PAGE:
Yep, last month I quietly celebrated the three-year anniversary of switching my diet and regaining my health. It’s been a crazy ride, and I thought it was time to update you on some of my experiences over the years, and share some quick fundamentals that I’ve learned along the way.
1. Broth is king. Simply put, having a big store of of broth in the freezer is one of the most important things you can do to regain and maintain your health. Not only is it full of essential nutrients, it has an unlimited benefit in the kitchen – there’s a good reason that it’s one of the first things that chefs learn in culinary school. Have a bland, or dry hunk of meat? Whip up a quick broth gravy. Feeling under the weather? Drink some broth, make a broth-based soup, or cook some rice in a broth. Don’t like eating kale, chard, or greens? Simmer them in some broth; you’ll change your mind pretty quickly.
Making broth is as easy as throwing together some aromatic vegetables, herbs, and bones in a pot and simmering them for several hours. You can either buy bones from your local market, or use the bones leftover from meals, like in the ham photo above. Try making broth with any protein source – pork, beef, chicken, turkey, duck, fish, and shellfish – all are delicious and nutritious.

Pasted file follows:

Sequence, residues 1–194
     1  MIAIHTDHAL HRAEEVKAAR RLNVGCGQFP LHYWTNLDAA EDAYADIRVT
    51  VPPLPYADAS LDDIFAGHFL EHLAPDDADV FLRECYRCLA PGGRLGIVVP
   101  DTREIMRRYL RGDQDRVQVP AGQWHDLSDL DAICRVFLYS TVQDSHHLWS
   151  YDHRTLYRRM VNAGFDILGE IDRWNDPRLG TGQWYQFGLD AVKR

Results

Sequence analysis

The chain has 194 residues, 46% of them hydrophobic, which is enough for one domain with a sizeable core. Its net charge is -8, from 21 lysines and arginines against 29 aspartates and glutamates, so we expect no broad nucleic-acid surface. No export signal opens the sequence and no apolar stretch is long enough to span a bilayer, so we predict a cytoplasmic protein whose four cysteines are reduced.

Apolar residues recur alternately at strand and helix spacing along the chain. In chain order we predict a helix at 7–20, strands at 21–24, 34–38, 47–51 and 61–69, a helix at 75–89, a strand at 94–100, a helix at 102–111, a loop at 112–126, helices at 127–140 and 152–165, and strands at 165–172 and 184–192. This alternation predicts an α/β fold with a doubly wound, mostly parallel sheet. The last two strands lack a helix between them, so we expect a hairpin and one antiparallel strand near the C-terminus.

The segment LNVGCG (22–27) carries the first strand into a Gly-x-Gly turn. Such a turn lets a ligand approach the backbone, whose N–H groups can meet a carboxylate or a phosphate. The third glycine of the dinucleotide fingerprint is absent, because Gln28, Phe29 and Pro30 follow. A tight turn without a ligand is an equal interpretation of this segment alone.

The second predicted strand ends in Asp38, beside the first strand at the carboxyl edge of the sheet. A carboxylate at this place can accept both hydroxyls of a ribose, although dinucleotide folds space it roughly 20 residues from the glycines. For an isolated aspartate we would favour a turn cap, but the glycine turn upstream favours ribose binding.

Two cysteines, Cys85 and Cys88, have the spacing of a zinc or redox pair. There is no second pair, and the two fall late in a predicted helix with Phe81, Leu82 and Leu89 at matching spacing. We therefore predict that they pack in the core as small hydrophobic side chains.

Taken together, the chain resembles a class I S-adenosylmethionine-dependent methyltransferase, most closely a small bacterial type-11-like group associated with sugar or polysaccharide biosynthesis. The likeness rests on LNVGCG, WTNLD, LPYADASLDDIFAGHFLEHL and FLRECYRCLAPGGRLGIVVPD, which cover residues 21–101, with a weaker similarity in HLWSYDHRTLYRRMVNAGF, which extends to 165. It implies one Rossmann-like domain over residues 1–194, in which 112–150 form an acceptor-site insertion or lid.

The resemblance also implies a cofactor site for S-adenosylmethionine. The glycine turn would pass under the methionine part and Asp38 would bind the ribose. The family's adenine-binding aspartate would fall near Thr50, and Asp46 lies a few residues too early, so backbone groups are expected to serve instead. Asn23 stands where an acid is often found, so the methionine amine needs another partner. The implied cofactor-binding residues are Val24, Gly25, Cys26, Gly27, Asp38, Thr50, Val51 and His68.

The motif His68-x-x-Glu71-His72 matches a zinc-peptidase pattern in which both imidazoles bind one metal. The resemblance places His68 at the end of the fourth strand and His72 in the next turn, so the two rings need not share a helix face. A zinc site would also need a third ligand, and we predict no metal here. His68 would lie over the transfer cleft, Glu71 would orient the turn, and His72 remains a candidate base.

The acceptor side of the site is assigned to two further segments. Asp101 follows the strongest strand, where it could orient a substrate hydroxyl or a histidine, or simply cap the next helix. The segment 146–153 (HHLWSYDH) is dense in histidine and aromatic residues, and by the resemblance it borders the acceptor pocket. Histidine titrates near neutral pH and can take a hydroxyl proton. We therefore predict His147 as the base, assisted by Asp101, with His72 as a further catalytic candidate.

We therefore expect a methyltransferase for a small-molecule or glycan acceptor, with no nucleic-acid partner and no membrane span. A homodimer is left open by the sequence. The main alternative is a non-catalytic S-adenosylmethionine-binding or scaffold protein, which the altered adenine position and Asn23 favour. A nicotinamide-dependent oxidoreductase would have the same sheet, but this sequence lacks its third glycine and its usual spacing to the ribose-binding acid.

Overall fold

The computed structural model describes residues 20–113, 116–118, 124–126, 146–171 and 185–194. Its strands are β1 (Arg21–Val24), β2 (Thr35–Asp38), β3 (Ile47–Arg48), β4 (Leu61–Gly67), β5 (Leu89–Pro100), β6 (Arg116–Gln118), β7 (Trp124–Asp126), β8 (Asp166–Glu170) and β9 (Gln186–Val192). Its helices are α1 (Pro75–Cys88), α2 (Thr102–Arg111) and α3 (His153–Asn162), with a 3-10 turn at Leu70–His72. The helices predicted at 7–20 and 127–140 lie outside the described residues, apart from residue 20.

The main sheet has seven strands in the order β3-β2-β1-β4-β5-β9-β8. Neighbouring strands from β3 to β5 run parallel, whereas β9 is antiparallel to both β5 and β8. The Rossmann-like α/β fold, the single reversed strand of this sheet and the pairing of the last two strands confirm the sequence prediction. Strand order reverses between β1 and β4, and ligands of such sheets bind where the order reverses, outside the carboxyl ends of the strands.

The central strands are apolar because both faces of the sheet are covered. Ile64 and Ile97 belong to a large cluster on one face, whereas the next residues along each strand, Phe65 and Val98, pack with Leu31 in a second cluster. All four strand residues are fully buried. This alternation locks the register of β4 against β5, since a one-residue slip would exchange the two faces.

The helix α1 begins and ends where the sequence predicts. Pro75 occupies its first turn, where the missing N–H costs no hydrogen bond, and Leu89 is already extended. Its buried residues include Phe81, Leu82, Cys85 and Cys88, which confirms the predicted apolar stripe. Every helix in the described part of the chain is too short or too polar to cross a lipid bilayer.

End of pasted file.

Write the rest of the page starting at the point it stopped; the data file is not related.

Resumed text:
2. Always consider mise en place. Prep and arrange your ingredients before you start cooking; this will help you to keep a clear head when things start getting hairy while finishing a recipe. The picture above is from one of the recipes in my cookbook – Crawfish Étouffée – where the prep ends up taking more time than actually cooking the recipe. In this case, not having everything arranged ahead of time would be a disaster. Nearly every one of my kitchen mishaps is caused by inadequate preparation!
3. Fresh, quality ingredients > fancy recipes. The photo above is from one of my favorite meals this year, a bone-in ribeye from US Wellness Meats. I simply seasoned with salt and pepper, rested it for 30 minutes, and threw it on a hot grill.